The Surgeon’s Wife is split into three parts. Vivid illustrations on the book cover and also preceding the text for each part perfectly complement this engaging story. The book is told from multiple viewpoints which provides valuable insight into the feelings, perceptions, and motives of each of the pertinent characters in the story, and how they are affected by the circumstances in which they find themselves.
Mike Boudreaux is the chief of surgery at a prominent hospital in New Orleans, and he is called upon to make tough decisions about his partner, Clayton Otherson, who is making life-threatening mistakes in surgery. Mike owes the success of his career to Clayton and wants to help his colleague and friend, a distinguished and influential bariatric surgeon, avoid suspension by the hospital operating room committee. Mike can impact decisions made by the committee since he is the chair, and Clayton believes that Mike should make any complaints about his competency as a surgeon go away. However, the safety of patients is Mike’s top priority. When the committee puts some restrictions in place that affect Clayton in his surgeries of obese patients, this action puts up barriers in Mike and Clayton’s friendship.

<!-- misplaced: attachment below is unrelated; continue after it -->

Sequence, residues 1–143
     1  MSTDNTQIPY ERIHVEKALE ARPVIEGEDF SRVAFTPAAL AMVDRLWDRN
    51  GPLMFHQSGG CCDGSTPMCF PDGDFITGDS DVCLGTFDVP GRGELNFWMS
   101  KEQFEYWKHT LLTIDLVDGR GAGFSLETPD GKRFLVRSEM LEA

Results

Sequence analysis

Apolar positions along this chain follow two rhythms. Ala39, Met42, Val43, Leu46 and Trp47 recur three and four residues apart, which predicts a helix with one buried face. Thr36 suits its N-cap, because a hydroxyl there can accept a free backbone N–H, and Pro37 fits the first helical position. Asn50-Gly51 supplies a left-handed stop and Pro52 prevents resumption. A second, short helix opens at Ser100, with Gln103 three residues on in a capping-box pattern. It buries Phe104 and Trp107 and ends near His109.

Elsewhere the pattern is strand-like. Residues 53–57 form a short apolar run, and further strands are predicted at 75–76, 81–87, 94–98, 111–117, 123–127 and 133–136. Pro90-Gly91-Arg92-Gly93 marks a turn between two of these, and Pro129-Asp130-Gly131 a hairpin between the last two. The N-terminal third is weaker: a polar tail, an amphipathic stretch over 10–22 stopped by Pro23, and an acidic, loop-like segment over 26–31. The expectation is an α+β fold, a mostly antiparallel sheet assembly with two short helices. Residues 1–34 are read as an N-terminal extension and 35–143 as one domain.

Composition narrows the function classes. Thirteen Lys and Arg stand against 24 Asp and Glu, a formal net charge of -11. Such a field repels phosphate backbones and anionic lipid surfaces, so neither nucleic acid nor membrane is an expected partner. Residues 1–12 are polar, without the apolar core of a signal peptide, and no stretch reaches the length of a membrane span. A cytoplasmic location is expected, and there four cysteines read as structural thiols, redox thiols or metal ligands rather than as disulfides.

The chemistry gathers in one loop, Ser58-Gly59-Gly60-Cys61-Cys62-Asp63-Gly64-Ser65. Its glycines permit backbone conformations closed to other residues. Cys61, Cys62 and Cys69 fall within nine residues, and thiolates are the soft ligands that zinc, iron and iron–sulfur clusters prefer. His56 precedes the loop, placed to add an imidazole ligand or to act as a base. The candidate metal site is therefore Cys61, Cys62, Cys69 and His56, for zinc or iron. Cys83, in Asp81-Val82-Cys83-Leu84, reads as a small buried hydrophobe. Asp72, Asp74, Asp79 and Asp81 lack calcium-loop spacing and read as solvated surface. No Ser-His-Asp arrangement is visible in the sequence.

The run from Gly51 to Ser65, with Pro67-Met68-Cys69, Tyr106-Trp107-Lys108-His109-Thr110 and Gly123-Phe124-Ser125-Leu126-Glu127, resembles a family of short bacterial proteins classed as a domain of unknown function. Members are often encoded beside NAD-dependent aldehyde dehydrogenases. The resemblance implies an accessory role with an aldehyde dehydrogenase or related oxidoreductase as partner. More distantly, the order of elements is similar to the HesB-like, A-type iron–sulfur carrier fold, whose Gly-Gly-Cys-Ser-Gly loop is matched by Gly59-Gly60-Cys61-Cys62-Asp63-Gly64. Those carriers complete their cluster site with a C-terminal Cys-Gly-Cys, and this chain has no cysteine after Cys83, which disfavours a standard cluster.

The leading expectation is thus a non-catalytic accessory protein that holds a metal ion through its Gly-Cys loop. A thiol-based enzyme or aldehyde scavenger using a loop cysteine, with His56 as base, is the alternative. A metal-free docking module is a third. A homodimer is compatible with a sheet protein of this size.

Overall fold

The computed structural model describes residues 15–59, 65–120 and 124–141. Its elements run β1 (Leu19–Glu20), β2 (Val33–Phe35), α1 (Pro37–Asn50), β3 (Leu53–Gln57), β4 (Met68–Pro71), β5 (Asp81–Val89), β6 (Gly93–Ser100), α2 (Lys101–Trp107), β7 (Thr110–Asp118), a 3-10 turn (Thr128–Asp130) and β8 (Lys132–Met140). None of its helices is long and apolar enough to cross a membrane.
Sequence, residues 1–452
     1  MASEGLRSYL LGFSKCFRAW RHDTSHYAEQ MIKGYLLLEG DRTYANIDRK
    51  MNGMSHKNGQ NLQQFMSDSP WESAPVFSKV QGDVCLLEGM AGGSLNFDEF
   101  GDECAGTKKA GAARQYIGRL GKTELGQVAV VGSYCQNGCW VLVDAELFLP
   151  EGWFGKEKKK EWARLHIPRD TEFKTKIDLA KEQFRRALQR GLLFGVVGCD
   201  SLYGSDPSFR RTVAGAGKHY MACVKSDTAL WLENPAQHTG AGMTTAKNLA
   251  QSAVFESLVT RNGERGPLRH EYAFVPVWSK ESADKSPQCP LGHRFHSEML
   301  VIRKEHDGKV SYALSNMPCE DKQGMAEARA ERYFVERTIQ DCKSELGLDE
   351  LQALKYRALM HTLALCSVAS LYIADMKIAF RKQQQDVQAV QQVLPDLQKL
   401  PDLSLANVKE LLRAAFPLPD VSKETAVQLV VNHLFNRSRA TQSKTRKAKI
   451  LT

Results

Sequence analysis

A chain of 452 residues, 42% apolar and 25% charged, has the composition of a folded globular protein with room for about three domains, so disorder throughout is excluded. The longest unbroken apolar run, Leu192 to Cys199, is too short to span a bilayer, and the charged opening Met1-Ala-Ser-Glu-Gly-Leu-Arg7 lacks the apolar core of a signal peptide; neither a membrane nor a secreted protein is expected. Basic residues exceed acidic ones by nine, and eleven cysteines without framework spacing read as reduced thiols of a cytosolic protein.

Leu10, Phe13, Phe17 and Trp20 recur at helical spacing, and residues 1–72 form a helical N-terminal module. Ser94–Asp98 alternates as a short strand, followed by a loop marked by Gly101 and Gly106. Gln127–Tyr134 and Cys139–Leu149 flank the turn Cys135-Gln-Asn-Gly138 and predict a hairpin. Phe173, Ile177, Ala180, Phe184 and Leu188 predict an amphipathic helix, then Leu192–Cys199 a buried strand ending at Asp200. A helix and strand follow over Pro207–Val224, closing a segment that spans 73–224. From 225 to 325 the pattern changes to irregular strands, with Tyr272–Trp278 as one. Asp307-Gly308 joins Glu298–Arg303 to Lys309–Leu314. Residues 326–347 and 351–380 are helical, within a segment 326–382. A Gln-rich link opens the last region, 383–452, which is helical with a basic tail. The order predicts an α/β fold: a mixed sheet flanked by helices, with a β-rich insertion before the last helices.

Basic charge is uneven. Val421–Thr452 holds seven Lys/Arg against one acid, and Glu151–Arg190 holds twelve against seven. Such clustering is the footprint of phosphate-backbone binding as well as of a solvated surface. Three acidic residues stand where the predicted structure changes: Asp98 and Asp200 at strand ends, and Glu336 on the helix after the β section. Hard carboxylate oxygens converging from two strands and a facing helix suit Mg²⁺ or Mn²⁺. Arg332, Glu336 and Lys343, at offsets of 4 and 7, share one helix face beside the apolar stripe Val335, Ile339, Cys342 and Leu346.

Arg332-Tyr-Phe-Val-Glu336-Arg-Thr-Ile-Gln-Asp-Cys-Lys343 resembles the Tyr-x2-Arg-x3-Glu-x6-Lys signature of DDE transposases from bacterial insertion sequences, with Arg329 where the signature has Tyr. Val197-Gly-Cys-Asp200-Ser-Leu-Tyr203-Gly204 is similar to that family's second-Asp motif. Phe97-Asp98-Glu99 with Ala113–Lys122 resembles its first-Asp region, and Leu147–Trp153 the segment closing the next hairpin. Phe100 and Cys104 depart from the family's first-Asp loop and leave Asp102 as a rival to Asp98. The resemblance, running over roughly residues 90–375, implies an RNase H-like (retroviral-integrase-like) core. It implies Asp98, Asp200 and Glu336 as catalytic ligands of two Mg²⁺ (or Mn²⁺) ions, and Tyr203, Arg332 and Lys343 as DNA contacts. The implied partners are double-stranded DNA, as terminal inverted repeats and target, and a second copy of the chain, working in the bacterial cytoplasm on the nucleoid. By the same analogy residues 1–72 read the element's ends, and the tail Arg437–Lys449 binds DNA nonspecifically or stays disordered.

As Clayton’s ability on whether or not he is a component surgeon continues to be scrutinized by his colleagues, it not only begins to take an emotional toll on his mental health but it also puts his marriage in jeopardy. Catherine, Clayton’s wife, finds herself attracted to Mike, and when family life becomes unbearable, she turns to him for help and support. Things become even more complicated when Mike and Catherine begin having an affair. Will this affair and Clayton’s struggling career destroy his marriage and friendship with Mike? Things come to a head in a final confrontation that will change the lives of everyone involved forever.
William H. Coles does an excellent job of immersing readers into the fictional world of where the story takes place. The story brings out the contentious debates that can arise between hospital staff members as to whether economic interests are more important than patient care. An underlying theme of the story deals with the psychological and emotional effects on a martial relationship that is in a crisis mode along with the subsequent strain on the offspring caught in the middle. There is some profanity in the book, but it fits with the personalities of the characters.
— Dianne Woodman